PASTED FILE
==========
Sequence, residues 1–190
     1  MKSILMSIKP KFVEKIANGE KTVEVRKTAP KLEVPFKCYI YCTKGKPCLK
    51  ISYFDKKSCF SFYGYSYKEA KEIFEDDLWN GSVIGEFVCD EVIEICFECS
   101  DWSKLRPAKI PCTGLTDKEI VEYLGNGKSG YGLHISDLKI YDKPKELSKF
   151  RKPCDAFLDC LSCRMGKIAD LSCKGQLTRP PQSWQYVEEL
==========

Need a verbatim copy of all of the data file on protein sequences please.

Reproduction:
Sequence, residues 1–190
     1  MKSILMSIKP KFVEKIANGE KTVEVRKTAP KLEVPFKCYI YCTKGKPCLK
    51  ISYFDKKSCF SFYGYSYKEA KEIFEDDLWN GSVIGEFVCD EVIEICFECS
   101  DWSKLRPAKI PCTGLTDKEI VEYLGNGKSG YGLHISDLKI YDKPKELSKF
   151  RKPCDAFLDC LSCRMGKIAD LSCKGQLTRP PQSWQYVEEL